Tires that are not inflated properly may wear excessively, which is one of the reasons it’s important to know how and when to check your tire pressure. Cars.com says tires with the incorrect pressure may lead to lower gas mileage and negatively impact your car’s handling. Here’s how to check your tire pressure, from finding your vehicle’s recommended tire pressure to filling tires with air.
How to Find the Recommended Tire Pressure
Your vehicle’s recommended tire pressure can typically be found on a sticker inside the driver’s door. It’s also usually listed in the owner’s manual, says Cars.com. Tire pressure is measured in pounds per square inch (psi).
You may also notice that the sidewall of the tires lists a tire pressure. Consumer Reports says this is the maximum tire pressure allowed. You should go with what’s listed on the door sticker or owner’s manual, as this is the ideal tire pressure for your vehicle.
How to Check Tire Pressure
You will need a tire pressure gauge, which you can find at most service stations or auto parts stores. Edmunds states you should check the pressure when the tires are cold, as the friction from driving causes them to heat up and affects the pressure. Check them first thing in the morning or, if you’re already driven the car, Consumer Reports recommends waiting at least three hours for the tires to cool down.
Once you have a tire gauge in hand, Edmunds says this is how to check your tire pressure:
- Remove the cap from the air valve on the tire, and put it somewhere you won’t lose it.
- Press the tire gauge against the open valve stem for a second or two. It’s normal to hear a hiss of air.
- Read the air pressure gauge. For manual gauges, a dial points to the pressure or a bar indicates the pressure by how far it was pushed out. The pressure will appear onscreen on a digital tire gauge.
- Compare this number with the recommended tire pressure.
- Replace the tire’s air valve cap. (Hold off on this step if you need to adjust the air pressure.)
- Repeat this process for each tire.
How to Inflate Your Car’s Tires
If your tires are lower than the manufacturer’s recommendations, follow these steps from Edmunds to inflate the tires:
- Park close enough to the air compressor so you can reach all four tires with the hose.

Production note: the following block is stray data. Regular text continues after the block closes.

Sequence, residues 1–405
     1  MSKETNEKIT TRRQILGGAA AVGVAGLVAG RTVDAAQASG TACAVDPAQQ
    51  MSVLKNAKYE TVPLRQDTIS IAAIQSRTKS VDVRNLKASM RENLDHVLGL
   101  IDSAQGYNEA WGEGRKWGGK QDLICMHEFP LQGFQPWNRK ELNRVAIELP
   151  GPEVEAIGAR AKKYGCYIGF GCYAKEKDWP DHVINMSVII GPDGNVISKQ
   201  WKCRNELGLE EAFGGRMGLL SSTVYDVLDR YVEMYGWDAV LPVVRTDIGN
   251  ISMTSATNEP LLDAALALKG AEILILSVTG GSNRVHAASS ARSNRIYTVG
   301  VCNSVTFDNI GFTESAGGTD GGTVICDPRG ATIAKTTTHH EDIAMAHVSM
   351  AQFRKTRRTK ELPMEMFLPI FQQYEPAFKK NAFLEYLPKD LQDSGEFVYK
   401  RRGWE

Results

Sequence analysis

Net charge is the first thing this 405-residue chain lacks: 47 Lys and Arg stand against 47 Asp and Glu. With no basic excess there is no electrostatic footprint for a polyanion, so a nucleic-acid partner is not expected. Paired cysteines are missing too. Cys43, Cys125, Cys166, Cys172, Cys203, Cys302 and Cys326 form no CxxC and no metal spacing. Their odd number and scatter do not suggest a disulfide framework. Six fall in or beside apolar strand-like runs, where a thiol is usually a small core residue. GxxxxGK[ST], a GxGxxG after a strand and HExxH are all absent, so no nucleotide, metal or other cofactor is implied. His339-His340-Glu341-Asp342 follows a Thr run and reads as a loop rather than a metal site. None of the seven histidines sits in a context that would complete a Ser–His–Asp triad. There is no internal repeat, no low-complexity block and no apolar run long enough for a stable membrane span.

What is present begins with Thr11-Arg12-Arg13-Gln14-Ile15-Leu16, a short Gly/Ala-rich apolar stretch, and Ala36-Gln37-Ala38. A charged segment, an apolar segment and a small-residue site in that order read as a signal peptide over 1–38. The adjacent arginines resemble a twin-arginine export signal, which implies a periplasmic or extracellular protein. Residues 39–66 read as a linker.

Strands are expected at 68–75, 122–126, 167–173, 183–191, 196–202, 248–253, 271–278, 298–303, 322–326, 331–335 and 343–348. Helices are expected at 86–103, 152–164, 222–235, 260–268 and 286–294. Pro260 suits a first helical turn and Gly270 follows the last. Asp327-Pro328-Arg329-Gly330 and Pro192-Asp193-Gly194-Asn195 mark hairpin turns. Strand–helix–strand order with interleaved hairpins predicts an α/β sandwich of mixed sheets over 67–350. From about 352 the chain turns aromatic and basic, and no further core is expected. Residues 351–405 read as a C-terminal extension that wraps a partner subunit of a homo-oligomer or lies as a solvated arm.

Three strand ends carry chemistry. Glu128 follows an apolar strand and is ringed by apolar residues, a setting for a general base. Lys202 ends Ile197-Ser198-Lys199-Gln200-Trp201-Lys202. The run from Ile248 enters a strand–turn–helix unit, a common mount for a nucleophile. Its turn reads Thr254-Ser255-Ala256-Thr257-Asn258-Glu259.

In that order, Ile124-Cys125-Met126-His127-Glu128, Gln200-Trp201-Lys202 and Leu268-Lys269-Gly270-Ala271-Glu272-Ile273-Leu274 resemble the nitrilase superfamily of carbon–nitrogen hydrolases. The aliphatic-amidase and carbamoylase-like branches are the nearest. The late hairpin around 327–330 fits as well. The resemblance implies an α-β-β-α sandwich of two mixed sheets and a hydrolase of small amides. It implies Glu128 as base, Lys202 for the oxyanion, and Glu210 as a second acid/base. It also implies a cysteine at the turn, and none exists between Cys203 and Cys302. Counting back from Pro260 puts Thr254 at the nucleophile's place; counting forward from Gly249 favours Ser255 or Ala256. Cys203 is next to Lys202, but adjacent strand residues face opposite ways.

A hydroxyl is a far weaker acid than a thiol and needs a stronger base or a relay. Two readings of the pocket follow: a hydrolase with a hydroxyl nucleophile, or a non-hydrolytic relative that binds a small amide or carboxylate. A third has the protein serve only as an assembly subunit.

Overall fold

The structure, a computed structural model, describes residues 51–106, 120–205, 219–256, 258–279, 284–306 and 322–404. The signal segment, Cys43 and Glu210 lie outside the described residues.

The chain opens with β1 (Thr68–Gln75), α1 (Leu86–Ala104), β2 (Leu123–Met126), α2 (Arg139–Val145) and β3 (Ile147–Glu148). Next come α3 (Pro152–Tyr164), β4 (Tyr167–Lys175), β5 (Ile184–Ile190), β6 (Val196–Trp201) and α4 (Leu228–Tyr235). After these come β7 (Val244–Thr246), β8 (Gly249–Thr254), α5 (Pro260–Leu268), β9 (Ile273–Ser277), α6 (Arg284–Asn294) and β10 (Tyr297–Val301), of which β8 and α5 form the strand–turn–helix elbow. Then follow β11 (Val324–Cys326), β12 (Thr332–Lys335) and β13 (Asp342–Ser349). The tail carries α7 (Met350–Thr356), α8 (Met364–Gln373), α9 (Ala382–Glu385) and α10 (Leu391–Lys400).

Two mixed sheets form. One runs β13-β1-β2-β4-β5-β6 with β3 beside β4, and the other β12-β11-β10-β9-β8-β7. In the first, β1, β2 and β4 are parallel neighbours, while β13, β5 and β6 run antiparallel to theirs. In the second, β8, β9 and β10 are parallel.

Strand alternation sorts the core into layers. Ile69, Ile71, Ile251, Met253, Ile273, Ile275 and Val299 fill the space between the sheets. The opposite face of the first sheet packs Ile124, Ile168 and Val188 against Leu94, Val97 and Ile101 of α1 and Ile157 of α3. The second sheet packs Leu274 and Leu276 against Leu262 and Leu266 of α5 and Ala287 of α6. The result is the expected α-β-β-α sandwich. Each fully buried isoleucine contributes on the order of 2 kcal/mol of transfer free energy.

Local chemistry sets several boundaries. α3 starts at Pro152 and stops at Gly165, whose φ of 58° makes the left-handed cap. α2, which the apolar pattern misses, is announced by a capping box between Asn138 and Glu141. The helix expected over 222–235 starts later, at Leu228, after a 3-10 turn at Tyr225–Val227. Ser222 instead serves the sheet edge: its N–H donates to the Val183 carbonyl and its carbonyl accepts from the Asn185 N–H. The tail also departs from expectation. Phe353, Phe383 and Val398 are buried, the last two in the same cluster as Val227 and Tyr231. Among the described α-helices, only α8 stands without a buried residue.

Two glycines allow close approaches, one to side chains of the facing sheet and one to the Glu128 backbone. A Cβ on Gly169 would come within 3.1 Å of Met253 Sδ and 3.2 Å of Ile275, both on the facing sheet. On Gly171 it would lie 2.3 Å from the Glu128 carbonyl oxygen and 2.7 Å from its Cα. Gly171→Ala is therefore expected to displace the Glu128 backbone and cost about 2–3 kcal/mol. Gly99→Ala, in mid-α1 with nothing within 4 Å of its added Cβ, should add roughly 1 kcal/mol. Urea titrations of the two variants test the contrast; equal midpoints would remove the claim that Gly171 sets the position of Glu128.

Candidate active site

- If the valve caps are still on, remove them.
- Press the hose nozzle down on the valve stem. Air may flow automatically or you may need to press a lever. You should notice the tire inflating and feel air flowing through the hose.
- Remove the hose fitting or release the inflation lever. Check the air pressure, as described above, using the gauge on the hose or your own tire gauge.
- Repeat steps 3 and 4 as needed until the tire is inflated to the correct psi.
- Repeats steps 3-5 for the vehicle’s other tires.
- Once the tires are inflated properly, replace the valve caps.
Tip: If you hear or feel air coming out of the hose nozzle while you’re trying to fill the tire, Cars.com says you should check that it is properly connected to the tire valve stem.
How to Release Air from Tires
You don’t want to have tires that are overinflated, as this can lead to poor handling, says Cars.com. The Family Handyman notes that overinflated tires are more prone to skidding and hydroplaning.
If your tires are reading more than the recommeneded psi, Cars.com recommends the following steps to release air:
- Briefly press the small dot or bead on the back of the tire pressure gauge into the center of the valve stem on the tire. You should hear the air escaping the tire.
- Use the gauge to check the tire pressure.
- Repeat these steps until you’ve released enough air to reach the correct psi.
Tip: As you near the correct pressure, release smaller and smaller amounts of air until you get to the appropriate psi, says Cars.com.
When You Should Check Your Tire Pressure
Tire air pressure should be checked once a month using the same tire gauge, says The Family Handyman. Remember to check when the car has been parked for at least a few hours and the tires are “cold.” Tire pressure can vary 1-2 pounds per square inch (psi) for every 10-degree difference in ambient temperature, says Car Talk — the psi typically rises in the summer heat and drops when it’s cold outside. If you’re in the habit of checking your tires every month, you can adjust the pressure as it fluctuates throughout the seasons.
Car Talk recommends checking your tires regularly even when they look fine. Also, check them if you’ve run over a sharp object or hit a curb. It’s a good idea to have them checked when you bring your car in for routine service, says Car Talk.
Your tires are one of the most important parts of your car. They’re literally the place where the rubber meets the road. Regular care and maintenance can be essential to the safe and reliable performance of your vehicle.
Originally published April 28, 2017.